Adrenal tumors account for about fifteen percent. It’s far viable to enhance your dog’s health and treatment for this canine sickness, but more important that you recognize the symptoms.
Symptoms are Excessive water consumption, frequent urination, and accelerated urge for food, which may additionally bring about meal stealing and begging. A potbelly or bloated stomach, weight gain, lethargy, immoderate panting, a dull, dry coat and thinning hair, calcified lumps on the skin, Diabetes, and Seizures. If you observe any of these symptoms listed, urgently make an appointment with a vet to get treatment.
Hemorrhagic Gastroenteritis: The cause of this disease is still unknown. It is effects small breeds like miniature schnauzers and other small dog breeds, and it is also medically referred to as acute hemorrhagic diarrhea syndrome. Its symptoms are vomiting and bloody stool. It is treatable but, if left untreated, may lead to severe illness and death.
Kidney Stones: This disease is medically referred to as calcium oxalate urolithiasis. Miniature schnauzers are worst affected by this problem, and from a 1998 study of the issue in dogs, miniature schnauzers account for about 40% of the report submitted. It is a very painful urinary tract problem. It happens when calcium stones refuse to dissolve and can only be removed by surgery. If not given urgent medical attention, it can lead to their death. Symptoms are: Bloody urine, fever, vomiting, lethargy, and trouble peeing.
Diabetes: Schnauzers are highly affected by this disease. They develop diabetes when their body is no longer able to process and regulate sugar. Diabetes can ultimately lead to other issues like cataracts. A dog with impaired eyesight is a dog with very little chance of surviving for long. Take your Schnauzer out for exercise and long walks and control their sugar intake by maintaining a healthy diet and meal plans.
Hypothyroidism: This disease is caused by the over-secretion of the thyroid hormone. It is a common disease of Schnauzers. If you observe symptoms like weight gain, not withstand colder temperatures, severe skin infections and ear infections, and sluggishness, please take your dog to a veterinarian immediately; it might be signs of this disease.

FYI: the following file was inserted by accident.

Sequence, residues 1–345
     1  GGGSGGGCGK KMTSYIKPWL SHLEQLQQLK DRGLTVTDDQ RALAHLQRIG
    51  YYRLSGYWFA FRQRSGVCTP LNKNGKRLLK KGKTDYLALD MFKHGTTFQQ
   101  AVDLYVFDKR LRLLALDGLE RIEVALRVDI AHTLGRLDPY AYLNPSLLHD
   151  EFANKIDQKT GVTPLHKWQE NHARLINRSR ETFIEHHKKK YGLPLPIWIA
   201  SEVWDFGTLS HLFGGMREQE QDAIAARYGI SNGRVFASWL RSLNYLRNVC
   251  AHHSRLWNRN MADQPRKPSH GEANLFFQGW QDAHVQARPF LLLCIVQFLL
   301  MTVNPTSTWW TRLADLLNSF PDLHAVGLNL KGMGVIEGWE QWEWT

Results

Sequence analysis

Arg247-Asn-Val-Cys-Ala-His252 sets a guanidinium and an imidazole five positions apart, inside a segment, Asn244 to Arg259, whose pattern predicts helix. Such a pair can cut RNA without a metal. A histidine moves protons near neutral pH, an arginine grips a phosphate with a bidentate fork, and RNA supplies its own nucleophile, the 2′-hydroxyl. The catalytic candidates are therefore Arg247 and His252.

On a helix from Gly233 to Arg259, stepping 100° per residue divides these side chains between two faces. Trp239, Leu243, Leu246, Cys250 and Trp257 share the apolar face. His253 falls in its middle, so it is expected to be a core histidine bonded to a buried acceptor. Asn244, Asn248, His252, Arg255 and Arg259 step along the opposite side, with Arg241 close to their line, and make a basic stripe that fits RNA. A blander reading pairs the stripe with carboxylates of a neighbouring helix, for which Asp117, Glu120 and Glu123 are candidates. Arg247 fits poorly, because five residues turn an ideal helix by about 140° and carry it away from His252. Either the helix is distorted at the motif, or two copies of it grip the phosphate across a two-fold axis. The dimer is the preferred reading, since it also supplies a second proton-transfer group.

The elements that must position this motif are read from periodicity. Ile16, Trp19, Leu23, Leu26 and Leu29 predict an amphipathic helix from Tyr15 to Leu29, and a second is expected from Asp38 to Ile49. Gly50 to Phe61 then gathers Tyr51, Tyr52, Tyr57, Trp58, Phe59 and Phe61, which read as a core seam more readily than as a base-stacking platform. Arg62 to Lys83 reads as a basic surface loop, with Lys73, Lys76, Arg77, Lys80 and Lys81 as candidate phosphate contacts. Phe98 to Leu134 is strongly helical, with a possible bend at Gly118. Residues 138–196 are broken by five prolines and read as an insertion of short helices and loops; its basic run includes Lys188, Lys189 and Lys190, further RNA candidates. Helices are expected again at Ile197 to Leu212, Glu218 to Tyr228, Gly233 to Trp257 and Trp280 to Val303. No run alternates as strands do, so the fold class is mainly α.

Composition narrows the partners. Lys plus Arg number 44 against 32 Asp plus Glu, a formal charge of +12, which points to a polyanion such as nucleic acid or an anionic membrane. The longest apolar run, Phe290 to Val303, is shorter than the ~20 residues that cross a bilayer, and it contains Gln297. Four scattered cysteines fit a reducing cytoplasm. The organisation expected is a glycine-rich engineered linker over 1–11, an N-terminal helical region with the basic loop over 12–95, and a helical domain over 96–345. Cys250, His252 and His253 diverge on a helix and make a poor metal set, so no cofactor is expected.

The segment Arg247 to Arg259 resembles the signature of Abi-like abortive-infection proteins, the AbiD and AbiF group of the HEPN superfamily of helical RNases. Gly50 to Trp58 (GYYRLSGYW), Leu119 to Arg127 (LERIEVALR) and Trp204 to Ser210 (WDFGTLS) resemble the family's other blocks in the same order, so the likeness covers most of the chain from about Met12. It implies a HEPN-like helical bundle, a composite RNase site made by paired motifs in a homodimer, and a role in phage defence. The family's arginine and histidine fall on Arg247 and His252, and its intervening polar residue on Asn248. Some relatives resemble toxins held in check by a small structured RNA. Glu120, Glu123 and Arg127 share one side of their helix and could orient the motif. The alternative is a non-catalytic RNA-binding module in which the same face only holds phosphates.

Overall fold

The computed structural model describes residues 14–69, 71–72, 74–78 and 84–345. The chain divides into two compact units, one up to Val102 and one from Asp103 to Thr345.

Portosystemic shunt: It is a liver problem that happens when blood circulation to the liver is diverted away from it, causing the liver to function improperly. Symptoms include diarrhea, weight loss, vomiting, frequent peeing, excessive thirst, and weakness.
This health issue affects female miniature schnauzers around six years of age and over. It occurs more in females than males because of the design of the female urinary tract. If not given urgent medical attention, it can lead to their death. Symptoms are: Bloody urine, fever, vomiting, lethargy, and trouble peeing.
Frequently Asked Questions (FAQs)
Here are some of the most asked questions:
What Is the Oldest Living Schnauzer?
Even though most schnauzers live to be 12-14 years old, over the years there have been schnauzers that have lived longer than that. In 2010, there was one miniature schnauzer documented in a study that lived to be 18.
The key to your Schnauzer living a long healthy life is the proper care and regular check ups at your vet.
Is 12 Old for A Miniature Schnauzer?
Yes, a 12 year old miniature schnauzer would be considered an older or senior dog. The average life span of a miniature schnauzer is between 12 and 14 years so a schnauzer that has reached 12 has almost reached the max average. Is it possible for a miniature schnauzer to live longer? Absolutely!
What Age Is a Miniature Schnauzer a Senior?
When it comes to miniature schnauzers and other dogs and the part of life they are in, it is quite different to people. When a miniature schnauzer reaches just 7 years old in people years, he/she is getting close to the retirement age. Every 1 person year is equal to roughly 7 dog years. So, in theory a schnauzer that is 7 years old is 49 years old in dog years.
Are Schnauzers Smart?
Schnauzers are incredibly intelligent, are fairly easy to train, and will follow commands very well. Schnauzers are also high energy, very loyal, good with kids, and other animals. Overall, a schnauzer is a great choice for a companion.
Related: Are Schnauzers Smart
To recap, the schnauzer breed is a pretty healthy breed that will live a pretty long life and be a great member of your family.
Again the average life expectancy of schnauzers is:
- Miniature schnauzers: 12 to 15 years
- Standard schnauzers: 13 to 16 years
- Giant schnauzers: 10 to 12 years.
With the average life expectancy of a schnauzer being between 12-15 years and as long as you give your pup the proper care, you should have a happy and healthy schnauzer for many years.